by Nancy Kranich
Rutgers School of Communication and Information
Past President, American Library Association
Are librarians hysterical about protecting user privacy, as Attorney General John Ashcroft contended in 2003? That was the question asked when LIS students at Rutgers University heard from two librarians on the front lines defending and promoting intellectual freedom since the September 11th terrorist attacks in 2001. The colloquium entitled Libraries, Privacy, and National Security featured George Christian, the plaintiff in John Doe v. Gonzales who was served a National Security Letter (NSL) in 2005 that demanded patron records from the Library Connection in Connecticut, and Patrice McDermott, Executive Director of the coalition OpenTheGovernment.org, an organization that shines a light on surveillance transparency.
Both colloquium speakers were instrumental in changing the discourse and moving public opinion and policy toward more openness and privacy protection. They not only shared their stories, but addressed the central question: where do you draw the line in a democratic society between safety and freedom?
Attendees learned first hand from a librarian who just said NO to an FBI fishing expedition that demanded records about thousands of innocent readers using his busy library system. They listened to another librarian, a policy negotiator in Washington, who explained why librarians and library users should care about national security issues. Stated one student, “I thought it was interesting that both Christian and McDermott brought up privacy and security as ‘teachable moments.’ Christian discussed how librarians may assume the role of educating a library’s constituents about threats to privacy and Constitutional rights. McDermott referred to the NSA leaks, which created a new public awareness about these issues.”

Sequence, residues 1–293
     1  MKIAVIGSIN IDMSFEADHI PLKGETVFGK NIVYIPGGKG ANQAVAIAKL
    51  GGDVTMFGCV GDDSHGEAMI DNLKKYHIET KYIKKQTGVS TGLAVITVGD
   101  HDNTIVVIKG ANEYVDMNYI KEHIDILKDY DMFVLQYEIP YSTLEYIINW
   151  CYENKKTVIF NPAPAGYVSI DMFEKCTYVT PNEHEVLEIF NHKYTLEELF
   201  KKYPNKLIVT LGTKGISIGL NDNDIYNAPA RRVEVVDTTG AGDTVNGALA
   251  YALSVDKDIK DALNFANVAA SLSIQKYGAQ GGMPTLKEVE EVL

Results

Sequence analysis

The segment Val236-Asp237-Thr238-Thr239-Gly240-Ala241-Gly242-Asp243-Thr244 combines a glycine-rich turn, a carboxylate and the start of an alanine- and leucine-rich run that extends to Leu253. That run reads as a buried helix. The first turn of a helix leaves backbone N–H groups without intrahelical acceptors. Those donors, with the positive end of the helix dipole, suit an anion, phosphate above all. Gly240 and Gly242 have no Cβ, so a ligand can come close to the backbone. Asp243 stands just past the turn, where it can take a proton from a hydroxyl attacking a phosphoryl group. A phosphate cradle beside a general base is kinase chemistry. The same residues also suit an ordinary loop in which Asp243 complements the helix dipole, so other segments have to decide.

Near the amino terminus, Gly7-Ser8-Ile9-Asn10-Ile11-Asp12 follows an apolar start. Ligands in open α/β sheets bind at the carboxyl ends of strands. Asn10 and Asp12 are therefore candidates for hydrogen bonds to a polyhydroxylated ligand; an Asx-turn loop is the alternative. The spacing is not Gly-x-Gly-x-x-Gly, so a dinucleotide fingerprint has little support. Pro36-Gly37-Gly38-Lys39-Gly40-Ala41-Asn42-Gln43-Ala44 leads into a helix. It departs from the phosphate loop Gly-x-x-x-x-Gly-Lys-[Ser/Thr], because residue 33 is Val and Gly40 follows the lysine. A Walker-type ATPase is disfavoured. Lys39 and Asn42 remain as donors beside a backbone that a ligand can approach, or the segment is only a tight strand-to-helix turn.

Ever since the 9-11 attacks, librarians have raised concerns about policy makers’ reactions to the threats. Their concerns initially focused on the USA PATRIOT Act, passed by Congress with virtually no debate. That law, which includes several troubling provisions such as Section 215, grants unprecedented authority to law enforcement agencies to obtain search warrants from a secret court for business records (including educational, library, and bookstore records) without any actual proof or even reasonable suspicion of terrorist activity. Although the word library is not mentioned, this section is often referred to as the “library provision” thanks to the outcry over the possibility of library surveillance. That provision includes a gag order that requires any person or institution served with a warrant to keep secret what transpired. A similar provision, Section 505, permits the use of NSLs to force the instantaneous production of information about targets of investigations without any court order.
What’s the problem with these provisions? First and foremost, they license law enforcement officials to peer into Americans’ most private reading, research, and communications—rights granted under both the 1st Amendment and 4th amendment of the U.S. Constitution. They also sweep aside constitutional checks and balances, eliminate probable cause from terrorist investigations, increase potential for abuse, and break down barriers between criminal and intelligence gathering. In addition, they override existing privacy and confidentiality laws, including those in 48 states protecting library records.